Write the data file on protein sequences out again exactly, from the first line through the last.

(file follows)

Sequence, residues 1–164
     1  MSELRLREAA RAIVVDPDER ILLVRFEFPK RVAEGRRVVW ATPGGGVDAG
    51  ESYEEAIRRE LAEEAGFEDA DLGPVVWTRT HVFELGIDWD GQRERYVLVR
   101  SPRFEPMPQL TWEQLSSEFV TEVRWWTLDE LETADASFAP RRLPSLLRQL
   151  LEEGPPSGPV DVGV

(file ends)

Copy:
Sequence, residues 1–164
     1  MSELRLREAA RAIVVDPDER ILLVRFEFPK RVAEGRRVVW ATPGGGVDAG
    51  ESYEEAIRRE LAEEAGFEDA DLGPVVWTRT HVFELGIDWD GQRERYVLVR
   101  SPRFEPMPQL TWEQLSSEFV TEVRWWTLDE LETADASFAP RRLPSLLRQL
   151  LEEGPPSGPV DVGV